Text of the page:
Atmospheric impacts - weather.
The sun’s ultraviolet rays - along with the elements (rain, snow etc.) - consume the lignin in the wood. The lignin is the supporting material of the wood. As a result the wood surface becomes yellow and then grey. It is no longer water repellent and the surface treatment is no longer effective.
There is a common element or key characteristic in attacks on wood: humidity. There is a strong relationship between the environment in which the wood is used for construction purposes and the attacks by harmful biological agents. The European Committee for Standardization (CEN), through European Standard EN 335, has defined 5 risk classes based on the humidity to which wood is exposed under various application conditions (see page 13). Other factors considered in the risk classes include whether wood is in contact with the soil, clean water or sea water, or its exposure to weather conditions (indoor, covered and protected, or outdoor). Sometimes different risk classes overlap, particularly classes 2 (occasional humidity) and 3 (frequent humidity).
When in doubt, the highest class should be chosen. The higher the risk, the greater the need to increase the wood’s natural resistance through impregnation treatments. Illustration shows the application of an impregnation product on wood. The active ingredients are locked up in the impregnation film.
Wood swells and shrinks. Cracks appear. Attacks by decay fungi and blueing occur due to high moisture content.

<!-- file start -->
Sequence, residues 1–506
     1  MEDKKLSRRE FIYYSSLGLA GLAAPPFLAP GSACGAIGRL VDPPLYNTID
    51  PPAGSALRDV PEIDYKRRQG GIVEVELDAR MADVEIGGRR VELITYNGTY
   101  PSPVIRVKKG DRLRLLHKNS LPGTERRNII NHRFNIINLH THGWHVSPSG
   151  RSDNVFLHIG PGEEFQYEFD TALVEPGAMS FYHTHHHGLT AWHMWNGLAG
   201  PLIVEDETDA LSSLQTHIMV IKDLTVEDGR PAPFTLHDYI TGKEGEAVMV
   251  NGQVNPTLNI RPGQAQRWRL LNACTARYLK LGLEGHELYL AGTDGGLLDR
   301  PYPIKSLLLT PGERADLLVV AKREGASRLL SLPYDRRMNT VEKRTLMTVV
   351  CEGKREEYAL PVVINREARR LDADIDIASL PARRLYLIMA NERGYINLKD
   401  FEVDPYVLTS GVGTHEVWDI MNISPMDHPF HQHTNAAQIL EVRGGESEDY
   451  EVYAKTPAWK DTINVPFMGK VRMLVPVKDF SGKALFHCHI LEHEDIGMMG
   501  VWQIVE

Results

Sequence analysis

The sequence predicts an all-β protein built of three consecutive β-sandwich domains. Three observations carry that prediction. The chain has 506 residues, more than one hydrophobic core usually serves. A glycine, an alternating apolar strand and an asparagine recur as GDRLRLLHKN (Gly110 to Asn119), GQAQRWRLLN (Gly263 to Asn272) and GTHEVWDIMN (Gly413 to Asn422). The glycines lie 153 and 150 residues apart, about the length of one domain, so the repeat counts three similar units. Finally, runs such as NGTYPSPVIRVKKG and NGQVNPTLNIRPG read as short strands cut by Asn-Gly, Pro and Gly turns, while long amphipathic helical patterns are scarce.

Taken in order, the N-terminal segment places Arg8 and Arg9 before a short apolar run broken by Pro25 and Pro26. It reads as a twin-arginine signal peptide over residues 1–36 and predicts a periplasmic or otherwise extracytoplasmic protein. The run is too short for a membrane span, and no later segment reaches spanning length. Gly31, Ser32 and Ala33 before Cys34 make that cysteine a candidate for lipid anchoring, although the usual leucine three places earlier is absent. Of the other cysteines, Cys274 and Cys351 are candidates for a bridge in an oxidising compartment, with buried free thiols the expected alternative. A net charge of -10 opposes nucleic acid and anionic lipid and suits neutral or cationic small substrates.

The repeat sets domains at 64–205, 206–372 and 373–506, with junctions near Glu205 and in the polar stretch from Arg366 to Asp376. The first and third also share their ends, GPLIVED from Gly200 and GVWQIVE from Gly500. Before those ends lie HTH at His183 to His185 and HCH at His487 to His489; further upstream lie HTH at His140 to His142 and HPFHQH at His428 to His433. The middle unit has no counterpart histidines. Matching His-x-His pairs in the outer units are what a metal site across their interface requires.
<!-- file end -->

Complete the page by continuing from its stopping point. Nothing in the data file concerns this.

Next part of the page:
Rain brings about an increase in the moisture content of wood. It also favours cracks and fungi development.
Wood discolours and becomes grey due to the impact of the sun’s UV-rays. UV rays do not penetrate wood deeply. They focus on the surface, as lignin is degraded, fibre adhesion is impaired, and the wood turns greyish. Degradation is a slow process.
Cracks appear, when wood is exposed to frost or heavy heat, as changes in temperature causes changes in the wood’s dimensions.
Infra-red rays heat up the area exposed, causing cracks along the grain and resins to rise. Their action is extremely harmful, since sooner or later cracks appear in the wood surface.
Wood’s appearance degrades.
The effect of sun rays on wood mainly occurs through ultraviolet and infrared radiation.
Changes in temperature cause changes in the wood’s dimensions.
Wood is a hygroscopic material, which means that it may release or absorb humidity from its environment. During this process, the wood’s dimensions change. When wood absorbs humidity, it swells and increases its dimensions. If wood releases humidity, it shrinks. The degree of swelling or shrinking varies considerably depending on the wood species. In general, these changes are more significant in high density woods.